The Prime Minister of Vietnam has issued a directive that bans imports of material for recycling unless it is going directly into manufacturing processes.
Imports of material for processing or trading in Vietnam are now banned.
Those companies that are importing recycled materials into Vietnam will need to get a certificate of eligibility from the Ministry of Natural Resources and Environment to prove that imports are raw materials for production.
No new import licenses will be issued, except to trusted companies.
Vietnam is also developing technical specifications on the materials that will be allowed for import and these are expected to be completed soon. It is expected that mixed paper and mixed plastic imports will be completely banned.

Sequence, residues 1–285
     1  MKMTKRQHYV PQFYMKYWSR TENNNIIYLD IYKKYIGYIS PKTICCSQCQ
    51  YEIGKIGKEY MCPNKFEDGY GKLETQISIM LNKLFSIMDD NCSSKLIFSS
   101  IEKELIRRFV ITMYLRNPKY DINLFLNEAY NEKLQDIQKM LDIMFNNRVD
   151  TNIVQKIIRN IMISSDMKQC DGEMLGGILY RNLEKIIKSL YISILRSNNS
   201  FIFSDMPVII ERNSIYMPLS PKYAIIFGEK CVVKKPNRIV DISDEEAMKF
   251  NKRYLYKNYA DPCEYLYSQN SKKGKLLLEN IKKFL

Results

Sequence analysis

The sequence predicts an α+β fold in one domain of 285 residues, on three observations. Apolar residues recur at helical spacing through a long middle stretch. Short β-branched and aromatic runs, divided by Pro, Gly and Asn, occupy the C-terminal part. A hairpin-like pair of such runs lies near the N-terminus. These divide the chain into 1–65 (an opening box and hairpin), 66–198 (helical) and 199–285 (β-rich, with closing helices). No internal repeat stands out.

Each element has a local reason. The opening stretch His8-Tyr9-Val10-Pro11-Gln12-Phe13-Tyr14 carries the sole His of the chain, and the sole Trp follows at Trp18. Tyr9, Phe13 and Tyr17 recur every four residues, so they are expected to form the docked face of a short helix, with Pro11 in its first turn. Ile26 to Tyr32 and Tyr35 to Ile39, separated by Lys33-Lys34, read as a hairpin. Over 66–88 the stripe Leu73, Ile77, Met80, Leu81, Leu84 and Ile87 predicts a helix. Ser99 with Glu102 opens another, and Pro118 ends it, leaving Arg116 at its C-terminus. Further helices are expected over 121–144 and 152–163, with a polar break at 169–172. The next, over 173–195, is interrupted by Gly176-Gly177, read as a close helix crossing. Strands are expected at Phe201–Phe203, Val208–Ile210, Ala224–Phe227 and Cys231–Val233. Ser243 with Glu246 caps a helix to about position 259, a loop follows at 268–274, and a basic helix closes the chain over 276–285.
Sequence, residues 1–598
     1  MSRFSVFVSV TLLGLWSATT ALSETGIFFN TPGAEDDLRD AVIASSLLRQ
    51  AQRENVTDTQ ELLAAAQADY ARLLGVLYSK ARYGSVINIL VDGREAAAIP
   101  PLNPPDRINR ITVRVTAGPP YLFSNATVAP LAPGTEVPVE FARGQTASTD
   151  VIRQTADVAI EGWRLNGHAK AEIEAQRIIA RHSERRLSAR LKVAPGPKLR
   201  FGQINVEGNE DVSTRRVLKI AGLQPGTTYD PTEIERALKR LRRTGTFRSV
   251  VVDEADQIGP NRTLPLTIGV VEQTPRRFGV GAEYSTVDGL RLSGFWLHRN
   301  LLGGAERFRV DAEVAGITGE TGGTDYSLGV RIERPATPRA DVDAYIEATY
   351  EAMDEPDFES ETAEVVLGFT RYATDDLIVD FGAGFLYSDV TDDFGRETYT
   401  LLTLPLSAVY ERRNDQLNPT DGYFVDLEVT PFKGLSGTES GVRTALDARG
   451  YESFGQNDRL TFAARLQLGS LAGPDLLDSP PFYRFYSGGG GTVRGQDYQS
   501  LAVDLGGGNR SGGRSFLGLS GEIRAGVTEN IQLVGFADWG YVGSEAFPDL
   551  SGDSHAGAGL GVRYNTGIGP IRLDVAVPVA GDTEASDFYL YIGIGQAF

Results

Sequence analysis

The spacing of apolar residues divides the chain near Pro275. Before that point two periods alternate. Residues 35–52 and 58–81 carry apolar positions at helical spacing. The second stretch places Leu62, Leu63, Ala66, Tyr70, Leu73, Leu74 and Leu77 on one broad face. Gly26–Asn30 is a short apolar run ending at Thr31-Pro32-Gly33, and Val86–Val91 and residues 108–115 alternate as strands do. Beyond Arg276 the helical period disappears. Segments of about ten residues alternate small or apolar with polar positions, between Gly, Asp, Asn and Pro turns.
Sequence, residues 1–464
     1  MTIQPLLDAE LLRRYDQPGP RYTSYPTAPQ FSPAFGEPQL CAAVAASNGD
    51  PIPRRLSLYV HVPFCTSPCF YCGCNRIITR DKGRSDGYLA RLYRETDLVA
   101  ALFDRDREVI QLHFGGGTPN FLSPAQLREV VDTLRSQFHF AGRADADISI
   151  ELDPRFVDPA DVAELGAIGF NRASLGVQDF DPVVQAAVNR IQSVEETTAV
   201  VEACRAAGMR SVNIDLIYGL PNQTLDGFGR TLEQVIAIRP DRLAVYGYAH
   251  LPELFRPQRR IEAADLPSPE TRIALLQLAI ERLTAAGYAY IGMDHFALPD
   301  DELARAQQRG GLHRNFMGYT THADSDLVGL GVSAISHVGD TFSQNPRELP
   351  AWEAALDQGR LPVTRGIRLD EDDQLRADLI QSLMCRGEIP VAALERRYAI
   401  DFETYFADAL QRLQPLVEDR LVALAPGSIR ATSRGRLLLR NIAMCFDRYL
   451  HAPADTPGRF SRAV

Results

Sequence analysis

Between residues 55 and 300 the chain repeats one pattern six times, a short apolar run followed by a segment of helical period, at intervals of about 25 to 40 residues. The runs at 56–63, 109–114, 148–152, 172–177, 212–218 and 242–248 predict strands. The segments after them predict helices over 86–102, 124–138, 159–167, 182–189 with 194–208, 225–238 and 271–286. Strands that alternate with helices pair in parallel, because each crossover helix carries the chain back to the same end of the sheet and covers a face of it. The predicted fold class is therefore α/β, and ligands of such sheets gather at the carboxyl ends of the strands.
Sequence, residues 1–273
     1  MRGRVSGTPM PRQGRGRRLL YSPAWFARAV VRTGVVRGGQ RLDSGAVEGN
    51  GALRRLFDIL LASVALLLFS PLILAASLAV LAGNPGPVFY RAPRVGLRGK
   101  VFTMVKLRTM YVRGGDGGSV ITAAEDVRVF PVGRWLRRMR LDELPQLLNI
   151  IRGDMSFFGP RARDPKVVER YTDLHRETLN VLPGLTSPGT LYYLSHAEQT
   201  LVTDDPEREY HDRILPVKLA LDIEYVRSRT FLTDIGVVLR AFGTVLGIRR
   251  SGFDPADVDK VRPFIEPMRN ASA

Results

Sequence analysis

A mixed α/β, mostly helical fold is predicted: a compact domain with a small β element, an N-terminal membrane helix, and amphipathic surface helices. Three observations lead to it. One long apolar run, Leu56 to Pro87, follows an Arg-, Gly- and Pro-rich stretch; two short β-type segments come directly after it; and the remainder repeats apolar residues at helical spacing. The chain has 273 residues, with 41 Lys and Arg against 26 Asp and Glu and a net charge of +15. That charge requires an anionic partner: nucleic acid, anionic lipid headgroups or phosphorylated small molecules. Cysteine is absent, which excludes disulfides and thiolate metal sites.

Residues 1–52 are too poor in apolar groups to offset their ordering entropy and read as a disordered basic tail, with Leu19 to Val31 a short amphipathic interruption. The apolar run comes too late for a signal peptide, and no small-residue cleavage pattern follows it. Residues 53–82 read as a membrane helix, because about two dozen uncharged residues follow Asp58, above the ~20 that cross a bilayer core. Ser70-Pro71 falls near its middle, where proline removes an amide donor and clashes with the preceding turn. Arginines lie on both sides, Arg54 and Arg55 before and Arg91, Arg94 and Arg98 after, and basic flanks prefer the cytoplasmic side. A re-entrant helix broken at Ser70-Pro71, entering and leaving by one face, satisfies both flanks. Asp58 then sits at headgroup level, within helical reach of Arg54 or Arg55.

Shipping companies will be responsible for ensuring the material that enters into Vietnam is legal. This will include notifying the port before the ship docks of the full details of the goods owner including company name, address, tax code and import certificate number. The description of the goods must also match what is in the containers and meet Vietnamese specification.
It will now also be illegal to use Vietnam as a transit destination to ship materials out of the country into other destinations.
While the measures are likely to add to the bureaucracy of paper mills groups, it shouldn’t affect their ability to import high quality recycled fibre to be turned into new end products.
However, the plastic sector will be hit hard by the measures, with plastic recyclers typically providing a product to manufacturers rather than the importers being manufacturers.
Most of these measures had been previously proposed, but have now been made law.
Prime Minister Nguyen Xuan Phuc signed the directive this week, with the law being implemented immediately.